Anger Communication in Bicultural Adolescents


  • This research was supported by the Netherlands Organisation for Scientific Research to the first author (Grant No. 017.003.018). Many thanks to Jamal el Kattabi, Roy Bernabela, Asad Jaber, Mariam and Khaoula Boukhoubezaa, Soumaya el Hamami, Charlotte Duinen, Handan Golbasi, Dagmara Ostrowska, and Mieke Evers for all their help and assistance, as well as the adolescents, teachers, and schools taking part in the study.

Requests for reprints should be sent to Sheida Novin, FSW, Department of Developmental Psychology, Leiden University, PO Box 9555, 2300 RB Leiden, The Netherlands. E-mail:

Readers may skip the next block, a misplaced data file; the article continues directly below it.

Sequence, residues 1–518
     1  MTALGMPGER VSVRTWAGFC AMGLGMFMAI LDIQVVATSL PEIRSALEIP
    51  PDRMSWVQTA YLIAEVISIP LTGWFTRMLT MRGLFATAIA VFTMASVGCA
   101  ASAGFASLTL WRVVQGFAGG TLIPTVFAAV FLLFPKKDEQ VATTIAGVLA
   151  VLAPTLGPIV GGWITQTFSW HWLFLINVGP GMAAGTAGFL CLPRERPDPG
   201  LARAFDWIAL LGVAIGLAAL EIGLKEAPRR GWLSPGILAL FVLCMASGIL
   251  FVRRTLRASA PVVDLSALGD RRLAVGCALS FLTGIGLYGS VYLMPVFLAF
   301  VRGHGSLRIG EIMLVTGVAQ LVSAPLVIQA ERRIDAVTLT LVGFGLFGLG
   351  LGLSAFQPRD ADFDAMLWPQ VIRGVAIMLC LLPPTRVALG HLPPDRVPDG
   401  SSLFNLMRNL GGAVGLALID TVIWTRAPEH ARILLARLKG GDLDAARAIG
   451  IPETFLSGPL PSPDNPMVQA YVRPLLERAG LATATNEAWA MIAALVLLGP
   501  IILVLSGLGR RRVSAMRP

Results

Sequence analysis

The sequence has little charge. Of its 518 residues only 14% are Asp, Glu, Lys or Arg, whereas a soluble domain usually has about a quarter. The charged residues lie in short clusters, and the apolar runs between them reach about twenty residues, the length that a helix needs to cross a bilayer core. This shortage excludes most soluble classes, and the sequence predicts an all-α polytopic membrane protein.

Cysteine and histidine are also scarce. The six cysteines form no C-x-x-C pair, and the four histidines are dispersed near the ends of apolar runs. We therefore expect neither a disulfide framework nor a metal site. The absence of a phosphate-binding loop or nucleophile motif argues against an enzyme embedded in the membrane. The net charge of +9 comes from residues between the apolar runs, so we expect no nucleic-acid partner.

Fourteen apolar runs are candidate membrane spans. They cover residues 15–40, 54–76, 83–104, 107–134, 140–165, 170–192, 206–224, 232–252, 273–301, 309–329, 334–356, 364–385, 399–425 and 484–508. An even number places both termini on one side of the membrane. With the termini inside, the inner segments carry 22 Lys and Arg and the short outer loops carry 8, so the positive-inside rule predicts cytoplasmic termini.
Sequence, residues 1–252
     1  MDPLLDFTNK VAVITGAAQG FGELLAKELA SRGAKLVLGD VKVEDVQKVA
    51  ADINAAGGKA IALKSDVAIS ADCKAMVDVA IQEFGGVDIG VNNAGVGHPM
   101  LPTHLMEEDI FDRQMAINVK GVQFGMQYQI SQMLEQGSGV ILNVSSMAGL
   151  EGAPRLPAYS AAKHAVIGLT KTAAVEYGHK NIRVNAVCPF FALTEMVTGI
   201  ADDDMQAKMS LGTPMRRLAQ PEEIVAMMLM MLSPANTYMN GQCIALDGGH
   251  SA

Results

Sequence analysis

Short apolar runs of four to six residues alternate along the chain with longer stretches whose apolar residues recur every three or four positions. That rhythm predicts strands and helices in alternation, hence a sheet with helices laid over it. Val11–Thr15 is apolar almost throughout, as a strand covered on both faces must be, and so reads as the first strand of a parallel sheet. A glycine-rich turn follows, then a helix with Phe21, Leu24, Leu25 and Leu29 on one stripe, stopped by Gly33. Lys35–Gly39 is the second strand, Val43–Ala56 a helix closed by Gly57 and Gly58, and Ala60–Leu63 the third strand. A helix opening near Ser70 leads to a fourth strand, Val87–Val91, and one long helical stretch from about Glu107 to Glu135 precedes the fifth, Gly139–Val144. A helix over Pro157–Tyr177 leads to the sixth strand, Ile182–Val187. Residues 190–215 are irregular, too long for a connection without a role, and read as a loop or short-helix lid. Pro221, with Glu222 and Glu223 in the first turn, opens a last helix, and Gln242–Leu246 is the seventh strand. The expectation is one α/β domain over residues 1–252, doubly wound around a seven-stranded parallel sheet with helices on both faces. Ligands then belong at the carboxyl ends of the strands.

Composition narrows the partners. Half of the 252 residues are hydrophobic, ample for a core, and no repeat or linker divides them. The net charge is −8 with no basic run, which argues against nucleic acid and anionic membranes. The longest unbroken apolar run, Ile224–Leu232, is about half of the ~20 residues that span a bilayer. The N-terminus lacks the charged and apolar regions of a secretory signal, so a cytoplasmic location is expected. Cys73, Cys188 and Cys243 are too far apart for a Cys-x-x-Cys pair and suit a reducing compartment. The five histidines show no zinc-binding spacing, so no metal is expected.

Little is known about bicultural adolescents’ emotional competence. The aim of the present study was to examine anger communication by comparing thirty-eight 16-year-old Moroccan-Dutch adolescents with 40 Dutch and 40 Moroccan peers using hypothetical anger-eliciting vignettes. Findings show that although Moroccan and Dutch adolescents were equally likely to feel angry, they differed in their anger communication in accordance with their cultural models: Moroccan adolescents were more likely to express their anger indirectly than their Dutch counterparts, whereas Dutch adolescents were more likely to react directly or aggressively. Critically, the anger communication styles of the Moroccan-Dutch youngsters fell in between the two monocultural groups.